‘I came to remember’: Overdose victims memorialized along Temiskaming Shores beach


Eric Taschner | CTVNorthernOntario.ca Videojournalist



Thursday marked International Overdose Awareness Day with communities commemorating loved ones are remembering those lost to drug poisoning.

Along Beach Boulevard near Lake Timiskaming, a number of circles of painted rocks can be found around a tree.

These rocks are placed down by people who have m lost their loved ones to overdoses.


“I came to remember him,” said Caitlin Willard, before she placed her rock at the base of the tree.

Willard painted her rock purple with the words ‘Nate 2021’ on it in white paint.

She told CTV News it was in memory of her best friend, who died from an opioid overdose in February 2021.

“Nathan was super funny and he could make anybody laugh,” she said.

“We were living together actually when he died.”

Caitlin Willard painted a rock purple with the words ‘Nate 2021’ on it in white paint in memory of a dear friend. She place the rock at the memorial tree in Temiskaming Shores on Thursday as part of International Overdose Awareness Day. (Eric Taschner/CTV News Northern Ontario)Willard’s heartache isn’t unique and she’s not alone. There are countless people who’ve lost friends and family to drug overdoses.

A few years ago, the Pavilion Women’s Centre recognized it needed a place to anchor difficult conversations about overdoses. In working with the City of Temiskaming Shores, a memorial tree was planted to remember all who have died from substance use.

“It’s pretty universal now,” said the centre’s executive director Melanie Ducharme.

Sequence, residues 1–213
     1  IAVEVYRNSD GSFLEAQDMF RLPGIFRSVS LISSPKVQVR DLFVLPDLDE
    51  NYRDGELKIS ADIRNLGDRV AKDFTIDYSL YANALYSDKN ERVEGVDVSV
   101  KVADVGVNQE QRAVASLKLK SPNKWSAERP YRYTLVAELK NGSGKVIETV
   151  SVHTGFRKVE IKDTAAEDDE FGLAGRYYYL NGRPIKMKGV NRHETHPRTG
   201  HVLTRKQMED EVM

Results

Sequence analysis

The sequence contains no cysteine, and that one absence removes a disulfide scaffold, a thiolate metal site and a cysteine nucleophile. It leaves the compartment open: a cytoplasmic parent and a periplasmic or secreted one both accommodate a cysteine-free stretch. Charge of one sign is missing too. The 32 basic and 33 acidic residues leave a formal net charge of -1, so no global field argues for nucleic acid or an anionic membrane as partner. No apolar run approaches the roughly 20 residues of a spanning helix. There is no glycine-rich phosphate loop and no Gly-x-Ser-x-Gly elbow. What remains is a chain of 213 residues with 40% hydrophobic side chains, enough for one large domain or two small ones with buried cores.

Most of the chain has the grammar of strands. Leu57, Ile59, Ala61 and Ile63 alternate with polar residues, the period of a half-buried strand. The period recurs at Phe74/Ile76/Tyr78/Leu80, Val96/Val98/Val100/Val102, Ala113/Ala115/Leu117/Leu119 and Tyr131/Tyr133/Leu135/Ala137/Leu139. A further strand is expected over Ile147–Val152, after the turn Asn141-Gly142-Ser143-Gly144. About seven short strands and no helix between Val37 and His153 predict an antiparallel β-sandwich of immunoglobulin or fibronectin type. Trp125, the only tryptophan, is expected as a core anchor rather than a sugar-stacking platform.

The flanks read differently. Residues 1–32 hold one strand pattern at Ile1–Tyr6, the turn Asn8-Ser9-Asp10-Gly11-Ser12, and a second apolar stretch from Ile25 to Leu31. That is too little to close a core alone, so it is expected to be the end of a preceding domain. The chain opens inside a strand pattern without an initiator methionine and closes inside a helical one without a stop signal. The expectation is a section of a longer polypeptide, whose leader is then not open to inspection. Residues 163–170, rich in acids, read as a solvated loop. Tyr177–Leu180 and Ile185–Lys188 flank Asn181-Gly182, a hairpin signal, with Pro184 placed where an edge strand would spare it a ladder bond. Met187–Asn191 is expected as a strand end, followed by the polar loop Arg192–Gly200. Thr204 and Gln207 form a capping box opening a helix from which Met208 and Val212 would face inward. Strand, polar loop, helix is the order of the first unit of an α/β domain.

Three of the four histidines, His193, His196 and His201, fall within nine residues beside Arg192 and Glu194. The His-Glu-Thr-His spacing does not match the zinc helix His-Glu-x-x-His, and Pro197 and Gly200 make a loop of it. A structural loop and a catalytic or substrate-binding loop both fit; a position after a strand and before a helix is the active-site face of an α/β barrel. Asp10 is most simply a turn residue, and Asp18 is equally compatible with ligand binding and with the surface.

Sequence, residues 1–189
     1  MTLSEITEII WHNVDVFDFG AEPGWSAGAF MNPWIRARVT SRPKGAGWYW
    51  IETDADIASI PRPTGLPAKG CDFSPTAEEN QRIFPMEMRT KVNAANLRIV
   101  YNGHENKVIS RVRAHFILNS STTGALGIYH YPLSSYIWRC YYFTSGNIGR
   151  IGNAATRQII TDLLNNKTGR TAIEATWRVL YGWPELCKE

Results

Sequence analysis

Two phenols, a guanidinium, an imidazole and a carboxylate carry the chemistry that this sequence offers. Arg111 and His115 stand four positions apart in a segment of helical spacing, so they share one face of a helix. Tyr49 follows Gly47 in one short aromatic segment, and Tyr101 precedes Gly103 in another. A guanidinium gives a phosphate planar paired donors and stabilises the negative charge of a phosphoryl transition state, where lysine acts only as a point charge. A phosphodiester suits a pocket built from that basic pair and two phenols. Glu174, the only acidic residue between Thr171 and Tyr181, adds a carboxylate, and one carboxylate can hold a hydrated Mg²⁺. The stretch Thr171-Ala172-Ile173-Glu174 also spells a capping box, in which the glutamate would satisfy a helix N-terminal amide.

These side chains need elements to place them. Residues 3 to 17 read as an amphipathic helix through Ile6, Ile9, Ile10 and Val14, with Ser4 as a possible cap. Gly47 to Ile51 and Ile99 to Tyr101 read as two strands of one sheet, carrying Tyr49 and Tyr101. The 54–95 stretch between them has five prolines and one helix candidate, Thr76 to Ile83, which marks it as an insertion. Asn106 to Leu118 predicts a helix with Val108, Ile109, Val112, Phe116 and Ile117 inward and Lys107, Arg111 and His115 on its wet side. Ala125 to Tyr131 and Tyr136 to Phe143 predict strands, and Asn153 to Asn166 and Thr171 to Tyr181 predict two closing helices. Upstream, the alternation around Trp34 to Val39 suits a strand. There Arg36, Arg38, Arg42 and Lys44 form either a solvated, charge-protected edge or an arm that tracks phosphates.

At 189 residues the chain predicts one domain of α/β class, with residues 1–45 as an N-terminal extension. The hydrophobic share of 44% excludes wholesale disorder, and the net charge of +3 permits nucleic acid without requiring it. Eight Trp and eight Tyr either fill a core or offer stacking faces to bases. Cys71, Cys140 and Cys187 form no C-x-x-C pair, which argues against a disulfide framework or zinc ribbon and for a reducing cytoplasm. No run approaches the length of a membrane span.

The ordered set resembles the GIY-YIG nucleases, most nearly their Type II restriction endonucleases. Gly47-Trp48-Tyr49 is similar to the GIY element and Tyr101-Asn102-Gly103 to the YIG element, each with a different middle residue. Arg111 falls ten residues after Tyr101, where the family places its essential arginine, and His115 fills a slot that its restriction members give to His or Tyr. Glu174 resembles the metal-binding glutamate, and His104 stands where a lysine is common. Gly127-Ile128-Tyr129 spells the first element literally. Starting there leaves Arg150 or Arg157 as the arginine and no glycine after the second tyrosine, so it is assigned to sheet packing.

“There aren’t people who aren’t touched by substance use and overdose.”

The centre was the lead host of the International Overdose Awareness Day event joined by Timiskaming Health Unit, Timiskaming Drug and Alcohol Strategy, the Salvation Army, the Canadian Mental Health Association and the District of Timiskaming Social Services Administration Board.

“What we see a lot is an overlap between substance use and what women are experiencing,” said Ducharme.

“Sometimes the substance use is first and sometimes it’s used as a coping mechanism and sometimes it substitutes as part of the abuse.”

Purple ribbons are affixed to the memorial tree’s trunk and branches as a lasting memory of those lost. (Eric Taschner/CTV News Northern Ontario)The remembrance tree art project allowed both the individuals and service providers an opportunity to remember loved ones. Purple ribbons are also tied to the bark of the tree and its branches as a lasting memory.

There were information kits and resources about opioids and the dangers certain drugs pose to the user on site at the event.

“It’s okay to have an addiction and it’s also okay to reach out for support if you’re a family member of an addict or if you’re an addict,” said Kaitline Stewart, who brought her young son Desmond to commemorate the day.

Staff were also offering 10-minute naloxone kits to the community.

There were resources, information kits about opioids and the dangers certain drugs pose to the user and 10-minute naloxone kits on-site at the event. (Eric Taschner/CTV News Northern Ontario)Health officials said that unfortunately the life-saving medicine does not work on all drugs and the health unit is seeing several different types of drugs being added to the drug supply.

Health unit statistics show over 150 doses of naloxone were been administered in the first three months of the year in the district.

In 2022, there were seven opioid-related deaths within the district, up from four in 2021. It was recorded from 2017-2020, deaths from opioid incidents increased in the Timiskaming District, however this increase was not too significant.

Staff from the health unit told CTV News they believe a harm reduction approach is the best way to help people struggling addicts.

“We really want to reduce the harms of substance use,” said the health unit’s public health promoter Kim Peters.

“The numbers are high across the northeast. Collectively across the northeast with all the health units we are seeing an increase. Harm reduction does not encourage substance use or force people to stop using.”

From January-March, three people have died from suspected drug overdoses. In 2022, there were 14 suspected drug-related deaths.

Willard said she believes more agencies need to be established to regulate laced drug supply.

“There’s way too many people lost to overdose,” she said.